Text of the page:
Squirrel! How to Capture a Consumer’s Attention
What should you actually be doing right now?
If you’ve carefully set aside time to read articles like this for professional development, bravo! But if you’ve drifted over to this blog post because you’re less than excited about the next item on your to-do list, then we’ve successfully proven a problem that every brand faces on a daily basis: people are easily distracted.
Why Are Consumers So Distracted?
Every second, 5,700 tweets are posted. Every day, 300 million Facebook photos are uploaded. And, every month the average person sees more than 1,700 banner ads. Given that we haven’t even covered Tinder messages or emails, it’s safe to say we’re living in the age of information overload.
So, how can you capture a consumer’s attention? Here are a few ways to compete with those tantalizing attention sappers like BuzzFeed and /r/funny.
- Show Up in Unusual Places
Attention-grabbing campaigns place themselves in front of consumers when they least expect it. Zappos threw a curveball at travelers when it placed an advertisement at the bottom of airport security bins where people place their shoes. And to demonstrate the practicality of its furniture, IKEA took to bus stops throughout major cities and replaced uncomfortable benches with colorful couches.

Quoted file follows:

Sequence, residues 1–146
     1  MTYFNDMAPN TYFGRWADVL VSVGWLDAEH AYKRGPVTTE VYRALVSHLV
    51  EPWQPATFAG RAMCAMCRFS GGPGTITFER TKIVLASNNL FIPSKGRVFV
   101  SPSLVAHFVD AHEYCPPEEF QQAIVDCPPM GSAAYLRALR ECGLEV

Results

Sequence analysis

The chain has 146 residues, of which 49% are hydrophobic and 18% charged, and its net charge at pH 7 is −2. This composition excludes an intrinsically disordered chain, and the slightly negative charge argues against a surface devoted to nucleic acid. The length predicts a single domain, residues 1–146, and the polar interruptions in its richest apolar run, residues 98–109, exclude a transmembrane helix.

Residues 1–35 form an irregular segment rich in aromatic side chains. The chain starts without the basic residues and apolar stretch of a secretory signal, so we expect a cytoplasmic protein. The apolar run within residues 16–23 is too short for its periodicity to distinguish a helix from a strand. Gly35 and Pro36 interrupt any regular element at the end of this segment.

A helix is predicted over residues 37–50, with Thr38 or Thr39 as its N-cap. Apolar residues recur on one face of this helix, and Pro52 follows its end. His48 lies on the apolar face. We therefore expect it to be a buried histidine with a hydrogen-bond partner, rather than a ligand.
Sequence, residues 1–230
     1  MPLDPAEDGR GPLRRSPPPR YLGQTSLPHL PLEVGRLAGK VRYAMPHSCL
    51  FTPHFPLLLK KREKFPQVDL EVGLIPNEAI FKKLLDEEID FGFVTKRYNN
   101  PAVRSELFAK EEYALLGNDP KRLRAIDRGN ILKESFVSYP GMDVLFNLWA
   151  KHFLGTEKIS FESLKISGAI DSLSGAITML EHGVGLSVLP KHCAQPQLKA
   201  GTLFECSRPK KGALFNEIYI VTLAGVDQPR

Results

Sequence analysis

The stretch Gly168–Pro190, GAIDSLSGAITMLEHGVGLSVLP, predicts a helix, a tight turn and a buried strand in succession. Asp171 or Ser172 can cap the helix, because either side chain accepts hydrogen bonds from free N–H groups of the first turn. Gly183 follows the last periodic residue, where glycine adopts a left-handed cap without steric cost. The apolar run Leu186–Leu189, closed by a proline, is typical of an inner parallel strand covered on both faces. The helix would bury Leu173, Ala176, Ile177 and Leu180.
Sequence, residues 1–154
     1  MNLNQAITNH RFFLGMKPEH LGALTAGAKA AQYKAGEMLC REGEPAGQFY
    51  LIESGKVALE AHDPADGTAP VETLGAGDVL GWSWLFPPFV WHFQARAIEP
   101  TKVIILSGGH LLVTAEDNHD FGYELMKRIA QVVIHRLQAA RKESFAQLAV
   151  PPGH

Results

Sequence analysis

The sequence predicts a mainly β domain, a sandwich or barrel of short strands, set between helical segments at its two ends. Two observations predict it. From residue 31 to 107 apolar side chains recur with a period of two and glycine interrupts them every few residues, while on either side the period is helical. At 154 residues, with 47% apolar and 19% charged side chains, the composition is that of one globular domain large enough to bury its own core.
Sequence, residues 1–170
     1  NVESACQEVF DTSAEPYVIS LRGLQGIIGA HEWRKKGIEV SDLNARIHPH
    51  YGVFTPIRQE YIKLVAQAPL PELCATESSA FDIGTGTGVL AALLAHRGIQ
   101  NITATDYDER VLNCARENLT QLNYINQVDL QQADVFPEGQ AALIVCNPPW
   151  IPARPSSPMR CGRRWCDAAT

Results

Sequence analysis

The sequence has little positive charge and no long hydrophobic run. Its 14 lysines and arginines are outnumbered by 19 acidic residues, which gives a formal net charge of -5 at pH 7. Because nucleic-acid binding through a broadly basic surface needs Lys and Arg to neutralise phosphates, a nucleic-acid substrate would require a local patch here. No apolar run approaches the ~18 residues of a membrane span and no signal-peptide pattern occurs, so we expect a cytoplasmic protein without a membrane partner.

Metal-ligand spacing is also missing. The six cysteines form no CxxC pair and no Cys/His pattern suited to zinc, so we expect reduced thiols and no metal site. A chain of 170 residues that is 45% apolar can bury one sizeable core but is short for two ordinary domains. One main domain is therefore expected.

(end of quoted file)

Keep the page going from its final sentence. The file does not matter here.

- Do Something Worth a Double Take
On average, consumers spend only two seconds looking at an advertisement. To raise awareness about marine pollution, JWT released advertisements that, upon first glance, looks like delicious seafood meals. On second glance, the rusty bottle caps mixed in with the steamed mussels become apparent.
- Personalize Your Content
If you’re walking through a crowded store and someone calls out your name, do you turn around? Yes. That’s because personalization works. In fact, a study by Responsys shows that 53 percent of consumers are more likely to make a purchase from digital communications that are personalized. Best Western increased its app downloads by 143 percent when they personalized their emails. Users with iOS devices were told to visit the iTunes store and Android users were sent to Google Play, simplifying the download process for consumers.
- Attract With Audio
Sometimes a catchy jingle or a subtle audio cue is all you need to pull consumers away from their current task. State Farm Insurance takes advantage of Sonic Branding with their song, “Like a good neighbor, State Farm is there.” Since each television and radio commercial uses the same tune, consumers recognize the song and know what to expect, which makes them stop focusing on their current task and listen to the ad.
Contrary to popular belief, an article in TIME suggests that newsworthy content receives the highest levels of engagement. Also known as newsjacking, brands can surprise customers by interacting with the web’s most viral content. In this clever response to Kim Kardashian’s “break the internet” magazine cover, Mazda successfully created some Twitter buzz that was about them, not Kim.